Crapulent distribution of the relief effort in Venezuela
By Daniel Duquenal | Venezuela News and Views
17.02.05 | This posts deserves a subtitle: "How help for the victims of the Vargas 2 disaster and the floods in the Andes is distributed as long as it favors the political interests of Chavez and his minions".
Tal Cual makes a very serious accusation in its editorial today, an accusation that anyone who watches the current TV reports on the disasters that are besotting our country can make: the government, be it at the national level or at the local level, is trying to politically benefit from the relief effort. Immorally should I say, but let me translate part of the editorial. The full one in Spanish can be read here.
When in one of the reception centers in Petare people bringing packages for help are forced to accept that these packages are labeled with the logo of the MVR, before sending them to the victims (if not, "take your shit away"), we are in the presence of charity with claws [Venezuelan expression that means interested charity, that is giving hoping for some benefit which of course annuls the purpose of the charity]. When in an official institute in Merida state the dispatch of relief material is delayed several hours because we are waiting for the governor to have his photo op that we surely will see in some political campaign as street posters, we are in front of charity with claws. When the National Guard [Nazional Guard] forbids in places distribution of relief help by whomever is not dressed with a red shirt or an equally colored beret, we are in front of charity with claws. When the state TV,VTV, broadcasts several times a day an add where victims thank "President Chavez" for the received help, we are in front of charity with claws. The incidents keep accumulating in our newspaper editing office.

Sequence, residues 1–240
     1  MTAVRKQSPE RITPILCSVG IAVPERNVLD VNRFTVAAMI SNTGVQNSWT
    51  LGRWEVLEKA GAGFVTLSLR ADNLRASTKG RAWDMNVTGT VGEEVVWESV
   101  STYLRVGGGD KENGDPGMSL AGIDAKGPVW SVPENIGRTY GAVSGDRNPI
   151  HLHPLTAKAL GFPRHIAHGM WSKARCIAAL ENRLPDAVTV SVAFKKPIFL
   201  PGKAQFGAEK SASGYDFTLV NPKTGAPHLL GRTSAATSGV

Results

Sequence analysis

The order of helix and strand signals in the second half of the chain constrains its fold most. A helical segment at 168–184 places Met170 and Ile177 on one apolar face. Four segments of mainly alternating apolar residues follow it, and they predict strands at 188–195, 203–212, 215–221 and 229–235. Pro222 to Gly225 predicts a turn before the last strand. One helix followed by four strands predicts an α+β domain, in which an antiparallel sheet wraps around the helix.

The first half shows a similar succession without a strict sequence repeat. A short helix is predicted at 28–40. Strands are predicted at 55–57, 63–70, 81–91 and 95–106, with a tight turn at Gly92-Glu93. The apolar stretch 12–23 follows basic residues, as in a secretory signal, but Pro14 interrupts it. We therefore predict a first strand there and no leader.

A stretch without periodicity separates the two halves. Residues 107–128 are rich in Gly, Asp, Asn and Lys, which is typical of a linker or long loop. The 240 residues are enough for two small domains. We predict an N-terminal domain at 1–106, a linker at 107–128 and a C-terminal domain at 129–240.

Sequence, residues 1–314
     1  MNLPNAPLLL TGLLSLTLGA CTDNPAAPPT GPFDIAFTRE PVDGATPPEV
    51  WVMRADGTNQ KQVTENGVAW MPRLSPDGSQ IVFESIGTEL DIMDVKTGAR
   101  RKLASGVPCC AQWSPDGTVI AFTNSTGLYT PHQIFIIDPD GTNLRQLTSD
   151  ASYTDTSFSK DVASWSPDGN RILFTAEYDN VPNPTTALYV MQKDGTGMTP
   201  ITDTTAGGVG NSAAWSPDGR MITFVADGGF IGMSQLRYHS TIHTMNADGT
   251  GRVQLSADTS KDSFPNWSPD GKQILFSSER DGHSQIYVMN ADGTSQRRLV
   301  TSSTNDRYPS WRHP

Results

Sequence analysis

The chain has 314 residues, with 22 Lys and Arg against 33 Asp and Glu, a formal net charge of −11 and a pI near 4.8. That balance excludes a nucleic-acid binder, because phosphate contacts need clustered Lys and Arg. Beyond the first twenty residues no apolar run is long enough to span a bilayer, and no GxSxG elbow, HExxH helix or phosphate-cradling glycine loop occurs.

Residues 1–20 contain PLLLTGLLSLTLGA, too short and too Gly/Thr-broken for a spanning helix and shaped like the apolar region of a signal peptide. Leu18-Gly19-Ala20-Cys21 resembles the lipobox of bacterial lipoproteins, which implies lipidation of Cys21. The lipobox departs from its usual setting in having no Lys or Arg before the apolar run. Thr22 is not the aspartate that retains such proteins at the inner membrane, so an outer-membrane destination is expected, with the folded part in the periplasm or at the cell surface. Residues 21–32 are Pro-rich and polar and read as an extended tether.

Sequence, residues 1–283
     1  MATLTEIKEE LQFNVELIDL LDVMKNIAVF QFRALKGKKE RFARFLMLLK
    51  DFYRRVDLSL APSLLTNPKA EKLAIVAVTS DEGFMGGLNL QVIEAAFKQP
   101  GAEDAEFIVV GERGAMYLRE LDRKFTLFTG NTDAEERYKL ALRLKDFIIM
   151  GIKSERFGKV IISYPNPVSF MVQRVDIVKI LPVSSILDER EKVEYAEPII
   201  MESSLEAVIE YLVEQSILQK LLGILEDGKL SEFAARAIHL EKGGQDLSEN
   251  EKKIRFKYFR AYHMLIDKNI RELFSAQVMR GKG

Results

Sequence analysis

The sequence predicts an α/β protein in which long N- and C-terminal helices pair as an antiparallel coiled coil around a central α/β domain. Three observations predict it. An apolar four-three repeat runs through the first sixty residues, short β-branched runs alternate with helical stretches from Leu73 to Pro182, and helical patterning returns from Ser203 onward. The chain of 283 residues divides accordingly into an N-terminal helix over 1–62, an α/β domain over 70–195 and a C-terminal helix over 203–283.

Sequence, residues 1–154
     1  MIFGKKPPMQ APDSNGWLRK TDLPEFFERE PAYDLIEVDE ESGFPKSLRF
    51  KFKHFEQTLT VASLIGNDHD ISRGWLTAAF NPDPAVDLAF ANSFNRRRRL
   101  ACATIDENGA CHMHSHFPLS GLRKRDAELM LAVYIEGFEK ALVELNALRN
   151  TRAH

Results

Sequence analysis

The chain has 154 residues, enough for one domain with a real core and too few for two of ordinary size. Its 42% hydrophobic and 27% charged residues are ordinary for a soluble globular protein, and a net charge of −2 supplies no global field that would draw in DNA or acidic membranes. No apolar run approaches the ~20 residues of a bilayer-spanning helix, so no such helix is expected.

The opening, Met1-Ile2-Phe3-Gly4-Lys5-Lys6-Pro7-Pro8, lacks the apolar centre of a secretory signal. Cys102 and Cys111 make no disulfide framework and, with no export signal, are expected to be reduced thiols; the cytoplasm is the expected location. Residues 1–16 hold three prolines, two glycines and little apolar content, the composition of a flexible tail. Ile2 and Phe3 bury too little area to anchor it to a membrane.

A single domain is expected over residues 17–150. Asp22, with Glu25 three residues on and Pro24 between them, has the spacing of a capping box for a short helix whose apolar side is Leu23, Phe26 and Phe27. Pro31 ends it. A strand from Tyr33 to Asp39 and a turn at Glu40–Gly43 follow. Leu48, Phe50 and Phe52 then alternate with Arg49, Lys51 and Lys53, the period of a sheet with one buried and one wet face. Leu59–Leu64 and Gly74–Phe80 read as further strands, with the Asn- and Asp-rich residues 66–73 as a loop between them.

The cheap political benefit from solidarity, the abuse that is to confiscate the generosity of all for the benefit of a political party in office and its office holders, the impudent use of state institutions with sectarian aims of political proselytism during moments in which the recipients of help go through the enormous calamity of having lost house, possessions and lives from relatives or neighbors constitute a behavior outrightly despicable, completely immoral, that can only feel anyone with indignation. The last thing that remains is for the help to be distributed along the infamous list of assemblyman Tascon [the one that made a list of all those who signed for the recall election, a list used extensively to deny jobs, passports, when not firing the public workers who dared to have a personal opinion].
In a gloriously infamous revolution, so rich in such moments were morality, decency and plain human rights are simply ignored or attacked out of sheer pleasure from the authorities, or so it seems at times, these new incidents will occupy a rather prominent place.
There is that myth that only the political left love people. Again, reality tells us otherwise. We can see that sycophants never love people. And their inspiration probably not much either.
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